The 1987 Cadillac full-size models got new grilles and grew 1.5 inches longer via extended rear fender caps.
In addition, the 1987 Cadillac Sixty Special was introduced as a stretched, 115.8-inch-wheelbase Fleetwood four-door -- a nod to the "executive car" market.
The 1987 Cadillac Seventy-Five front-drive model was in its last year. As Chrysler had lately realized, factory-built limousines were unprofitable and thus better left to aftermarket converters, of which there were plenty.
Committed to shared engineering and assailed by critics for styling, size, and sizzle unbecoming a legend, there was nothing for Cadillac to do but soldier on, so changes to the 1987 Cadillac Eldorado and 1987 Cadillac Seville ran to little more than minor suspension tweaks
The 1988 Cadillac lineup was treated to a larger V-8 and standardization of several former options including the timed "Twilight Sentinel" headlamp system, tilt/telescope steering wheel, illuminated entry system, and cruise control. The 1988 Cadillac catalog also included first-time availability of an antilock brake system (ABS).
For the 1988 Cadillac Eldorado and 1988 Cadillac Seville, stylists tried to rectify their mistakes via the time-honored practice of appearance revisions intended to bring some back some of the lost Cadillac identity.
The 1988 Cadillac Seville thus gained a "power dome" hood and a more "important" grille. The 1988 Cadillac Eldorado was similarly treated, but also received new squared-up lower-body sheetmetal that stretched overall length by three inches at the rear -- shades of the 1950s.
Along with other members of the 1988 Cadillac line, the 1988 Cadillac Eldorado and 1988 Cadillac Seville shelved their 4.1 V-8 for a version enlarged to 4.5 liters (273 cubic inches). This plus a new two-stage intake manifold, larger throttle bores, and other changes lifted horsepower by 25, to 155 total, and torque by 40 pound-feet (to 240).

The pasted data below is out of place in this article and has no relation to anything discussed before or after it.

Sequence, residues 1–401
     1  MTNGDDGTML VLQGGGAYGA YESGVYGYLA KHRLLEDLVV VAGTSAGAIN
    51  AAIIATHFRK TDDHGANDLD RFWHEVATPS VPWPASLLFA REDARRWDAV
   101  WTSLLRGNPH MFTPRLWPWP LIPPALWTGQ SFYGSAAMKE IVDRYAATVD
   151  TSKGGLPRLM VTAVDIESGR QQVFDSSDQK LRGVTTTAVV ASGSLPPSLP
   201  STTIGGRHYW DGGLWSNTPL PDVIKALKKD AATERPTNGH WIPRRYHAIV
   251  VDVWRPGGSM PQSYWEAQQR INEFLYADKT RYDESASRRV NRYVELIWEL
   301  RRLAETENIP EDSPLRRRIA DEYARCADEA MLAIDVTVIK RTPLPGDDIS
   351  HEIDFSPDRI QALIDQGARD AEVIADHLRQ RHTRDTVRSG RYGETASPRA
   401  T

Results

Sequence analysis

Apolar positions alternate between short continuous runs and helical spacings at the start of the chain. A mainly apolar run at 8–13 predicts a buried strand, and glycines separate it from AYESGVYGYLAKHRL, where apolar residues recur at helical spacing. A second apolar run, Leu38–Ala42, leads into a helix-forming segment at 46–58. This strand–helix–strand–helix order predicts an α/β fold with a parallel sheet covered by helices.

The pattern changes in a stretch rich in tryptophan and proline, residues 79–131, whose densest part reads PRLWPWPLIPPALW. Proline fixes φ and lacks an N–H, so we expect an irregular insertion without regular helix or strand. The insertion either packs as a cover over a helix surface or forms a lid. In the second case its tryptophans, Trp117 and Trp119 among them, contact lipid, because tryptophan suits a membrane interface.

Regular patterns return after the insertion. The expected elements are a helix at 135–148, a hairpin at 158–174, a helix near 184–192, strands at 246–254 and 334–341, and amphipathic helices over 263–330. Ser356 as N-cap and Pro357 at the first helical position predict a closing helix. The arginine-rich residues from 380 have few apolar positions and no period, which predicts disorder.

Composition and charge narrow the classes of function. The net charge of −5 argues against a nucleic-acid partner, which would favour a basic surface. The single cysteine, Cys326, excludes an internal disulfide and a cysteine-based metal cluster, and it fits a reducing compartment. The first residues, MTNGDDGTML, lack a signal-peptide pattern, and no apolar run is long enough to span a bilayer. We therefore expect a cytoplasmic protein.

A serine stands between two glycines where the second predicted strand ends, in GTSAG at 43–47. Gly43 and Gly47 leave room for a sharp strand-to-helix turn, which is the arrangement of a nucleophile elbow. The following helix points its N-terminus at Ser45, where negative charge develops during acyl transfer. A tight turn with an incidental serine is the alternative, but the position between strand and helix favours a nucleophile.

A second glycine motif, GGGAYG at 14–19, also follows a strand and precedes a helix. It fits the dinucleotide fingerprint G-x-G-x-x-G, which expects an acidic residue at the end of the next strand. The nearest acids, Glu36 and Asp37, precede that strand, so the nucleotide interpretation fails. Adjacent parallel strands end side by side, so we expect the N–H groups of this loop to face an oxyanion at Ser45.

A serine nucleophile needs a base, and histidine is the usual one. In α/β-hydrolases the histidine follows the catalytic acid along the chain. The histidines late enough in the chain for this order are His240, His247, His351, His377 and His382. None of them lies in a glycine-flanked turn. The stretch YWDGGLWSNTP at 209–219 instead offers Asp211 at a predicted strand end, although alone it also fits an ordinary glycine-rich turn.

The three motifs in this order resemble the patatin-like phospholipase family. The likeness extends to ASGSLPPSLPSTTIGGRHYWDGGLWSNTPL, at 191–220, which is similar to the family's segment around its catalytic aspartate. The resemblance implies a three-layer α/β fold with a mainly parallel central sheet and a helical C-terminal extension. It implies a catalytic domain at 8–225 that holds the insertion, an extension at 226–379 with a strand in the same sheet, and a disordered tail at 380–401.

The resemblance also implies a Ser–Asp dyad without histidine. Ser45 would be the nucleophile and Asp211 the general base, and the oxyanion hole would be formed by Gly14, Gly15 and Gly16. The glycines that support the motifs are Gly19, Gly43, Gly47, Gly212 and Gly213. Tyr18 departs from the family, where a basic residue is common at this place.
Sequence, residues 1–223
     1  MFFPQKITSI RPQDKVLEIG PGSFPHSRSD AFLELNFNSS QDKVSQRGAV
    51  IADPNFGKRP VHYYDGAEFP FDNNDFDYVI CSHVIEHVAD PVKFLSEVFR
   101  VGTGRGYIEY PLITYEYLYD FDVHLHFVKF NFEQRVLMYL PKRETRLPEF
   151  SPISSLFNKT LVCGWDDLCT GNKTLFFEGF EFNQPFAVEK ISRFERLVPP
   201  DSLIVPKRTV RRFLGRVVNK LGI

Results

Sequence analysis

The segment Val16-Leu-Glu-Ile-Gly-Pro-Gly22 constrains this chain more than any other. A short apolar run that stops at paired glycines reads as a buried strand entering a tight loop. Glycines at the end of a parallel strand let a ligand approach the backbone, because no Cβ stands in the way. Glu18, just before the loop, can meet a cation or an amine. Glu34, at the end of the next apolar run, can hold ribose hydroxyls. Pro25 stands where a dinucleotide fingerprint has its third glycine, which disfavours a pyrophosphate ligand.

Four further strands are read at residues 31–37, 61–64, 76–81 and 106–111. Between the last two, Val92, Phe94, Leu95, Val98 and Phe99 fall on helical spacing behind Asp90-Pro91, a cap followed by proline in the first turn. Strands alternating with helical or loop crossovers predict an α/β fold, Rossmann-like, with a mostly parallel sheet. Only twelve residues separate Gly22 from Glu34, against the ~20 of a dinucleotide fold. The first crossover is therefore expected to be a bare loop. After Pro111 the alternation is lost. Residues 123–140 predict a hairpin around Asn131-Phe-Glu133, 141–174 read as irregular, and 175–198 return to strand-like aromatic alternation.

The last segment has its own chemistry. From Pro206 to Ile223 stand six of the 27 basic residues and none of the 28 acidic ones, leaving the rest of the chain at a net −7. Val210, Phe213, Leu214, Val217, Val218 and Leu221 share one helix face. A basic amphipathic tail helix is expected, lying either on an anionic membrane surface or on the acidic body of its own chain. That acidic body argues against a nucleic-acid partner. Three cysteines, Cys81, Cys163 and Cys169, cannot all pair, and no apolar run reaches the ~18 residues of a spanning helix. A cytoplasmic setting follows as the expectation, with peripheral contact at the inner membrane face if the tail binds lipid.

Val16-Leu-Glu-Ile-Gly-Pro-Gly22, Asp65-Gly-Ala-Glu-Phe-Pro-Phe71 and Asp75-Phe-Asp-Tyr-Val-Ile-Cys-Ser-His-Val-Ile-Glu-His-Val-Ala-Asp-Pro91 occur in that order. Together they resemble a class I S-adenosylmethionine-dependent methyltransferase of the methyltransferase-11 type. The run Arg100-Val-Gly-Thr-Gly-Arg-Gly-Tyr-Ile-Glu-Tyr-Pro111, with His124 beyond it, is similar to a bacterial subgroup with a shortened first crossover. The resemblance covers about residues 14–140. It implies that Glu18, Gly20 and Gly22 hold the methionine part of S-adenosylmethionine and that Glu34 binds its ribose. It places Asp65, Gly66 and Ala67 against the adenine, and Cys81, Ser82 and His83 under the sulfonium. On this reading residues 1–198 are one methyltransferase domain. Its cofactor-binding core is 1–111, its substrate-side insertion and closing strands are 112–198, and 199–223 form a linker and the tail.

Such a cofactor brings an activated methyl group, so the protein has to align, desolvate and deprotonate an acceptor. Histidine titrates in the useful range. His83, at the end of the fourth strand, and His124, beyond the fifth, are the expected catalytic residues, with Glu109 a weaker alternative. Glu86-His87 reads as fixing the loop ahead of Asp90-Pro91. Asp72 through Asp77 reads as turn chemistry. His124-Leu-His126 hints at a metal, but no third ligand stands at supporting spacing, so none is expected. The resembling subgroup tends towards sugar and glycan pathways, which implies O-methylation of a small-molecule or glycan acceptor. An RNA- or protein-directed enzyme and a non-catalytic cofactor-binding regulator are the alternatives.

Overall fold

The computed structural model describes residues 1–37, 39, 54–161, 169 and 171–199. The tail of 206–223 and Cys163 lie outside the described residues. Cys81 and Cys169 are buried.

All 1988 Cadillac entries, the 1988 Cadillac Eldorado and 1988 Cadillac Seville in particular, were thus usefully quicker off the line than the 1986-87s, and ABS made panic stops shorter and more controlled. For 1988 Cadillac Eldorado and 1988 Cadillac Seville, a "touring" suspension package was still available for those seeking crisper handling with little sacrifice in ride comfort.
After revamping some of its 1989 models, Cadillac was rewarded with a boost in sales. For more on the 1989 model year, continue to the next page.
For more information on Cadillac, see:
- Cadillac: Learn the history of America's premier luxury car, from 1930s classics to today's newest Cadillac models.
- Consumer Guide New Car Reviews and Prices: Road test results, photos, specifications, and prices for 2007 Cadillacs and hundreds of other new cars, trucks, minivans, and SUVs.
- 1970-1979 Cadillac: See how Cadillac maintained its hold on the premium market by adroitly addressing changing consumer demands.
- 1990-1999 Cadillac: Import competition and a stale image rock once-proud Cadillac. Here's the low-down on Cadillac's come-down.